iPhone X Face ID was developed in Israel
15 October, 2017
An analysis published this week by Frost and Sullivan has revealed that this facial recognition technology originated in PrimeSense, an Israeli 3D sensor company that was acquired by Apple
One of the most striking features og Apple’s iPhone X is its revolutionary Face ID. It is based on a state-of-the-art TrueDepth camera system made up of a dot projector, infrared camera and flood illuminator, and powered by A11 Bionic to accurately map and recognize a face. These technologies work together to securely unlock iPhone, enable Apple Pay, gain access to secure apps and many more new features.
An analysis published this week by Frost and Sullivan has revealed that this facial recognition technology is offered by a 3D sensor company from Israel called PrimeSense, that powered the Gesture recognition technology on Microsoft Xbox. Later it was acquired by Apple for approximately $350 million (November 2013).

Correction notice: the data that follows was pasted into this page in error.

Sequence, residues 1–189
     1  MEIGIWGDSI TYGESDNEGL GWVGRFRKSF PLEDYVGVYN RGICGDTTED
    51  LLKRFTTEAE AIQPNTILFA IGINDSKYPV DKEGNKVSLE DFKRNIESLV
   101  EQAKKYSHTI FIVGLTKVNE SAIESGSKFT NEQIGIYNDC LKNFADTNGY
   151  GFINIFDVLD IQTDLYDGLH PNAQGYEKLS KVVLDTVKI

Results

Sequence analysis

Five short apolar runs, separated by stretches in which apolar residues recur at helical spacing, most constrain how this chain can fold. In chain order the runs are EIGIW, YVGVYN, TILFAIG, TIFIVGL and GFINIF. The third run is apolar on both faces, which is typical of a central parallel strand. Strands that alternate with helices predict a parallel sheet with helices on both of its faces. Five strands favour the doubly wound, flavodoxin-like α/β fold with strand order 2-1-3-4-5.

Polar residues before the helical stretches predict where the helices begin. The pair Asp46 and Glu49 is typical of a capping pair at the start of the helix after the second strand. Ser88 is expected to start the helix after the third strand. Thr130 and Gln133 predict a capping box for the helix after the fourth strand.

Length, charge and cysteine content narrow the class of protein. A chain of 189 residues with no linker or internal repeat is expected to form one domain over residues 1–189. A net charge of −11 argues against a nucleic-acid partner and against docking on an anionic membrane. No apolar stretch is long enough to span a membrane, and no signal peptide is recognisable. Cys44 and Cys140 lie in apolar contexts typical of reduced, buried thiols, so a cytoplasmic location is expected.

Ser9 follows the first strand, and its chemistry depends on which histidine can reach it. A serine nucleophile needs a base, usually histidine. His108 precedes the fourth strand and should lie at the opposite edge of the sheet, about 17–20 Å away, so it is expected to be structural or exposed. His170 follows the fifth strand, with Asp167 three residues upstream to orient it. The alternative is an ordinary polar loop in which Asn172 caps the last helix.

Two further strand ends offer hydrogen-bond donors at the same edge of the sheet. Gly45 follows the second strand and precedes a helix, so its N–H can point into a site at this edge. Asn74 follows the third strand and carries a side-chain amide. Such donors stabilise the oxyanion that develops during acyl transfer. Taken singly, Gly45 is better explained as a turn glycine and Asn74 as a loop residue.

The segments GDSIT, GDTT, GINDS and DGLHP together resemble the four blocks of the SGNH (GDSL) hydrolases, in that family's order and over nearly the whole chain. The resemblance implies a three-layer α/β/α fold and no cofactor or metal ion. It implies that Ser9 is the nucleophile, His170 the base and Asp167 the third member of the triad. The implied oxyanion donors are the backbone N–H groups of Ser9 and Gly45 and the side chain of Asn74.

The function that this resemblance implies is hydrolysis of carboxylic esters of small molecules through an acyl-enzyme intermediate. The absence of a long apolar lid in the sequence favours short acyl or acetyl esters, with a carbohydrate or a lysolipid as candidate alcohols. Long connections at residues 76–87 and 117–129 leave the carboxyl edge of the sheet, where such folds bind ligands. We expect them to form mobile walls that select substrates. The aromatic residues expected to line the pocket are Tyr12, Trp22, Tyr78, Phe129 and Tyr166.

“While you follow the on-screen instructions to set up your face ID, a dot projector produces more than 30,000 dots of invisible IR light on your face to create a three-dimensional map of your facial landscape, measures and stores your face biological characteristic.”
According to Frost and Sullivan, This IR image is the base on which the phone will authenticate the user. “The images are sent to the neural engine which can perform over 600 billion operations per second, and it’s used to do real-time processing of Face ID recognition.”
The analysts believe that this technology may pave the way for Apple into the smart car market. “Apple could potentially come with a full in house capability – not only look at the autonomous car, but could very well be a competition to the OS vendors, Biometric partners and eventually of course the content providers.”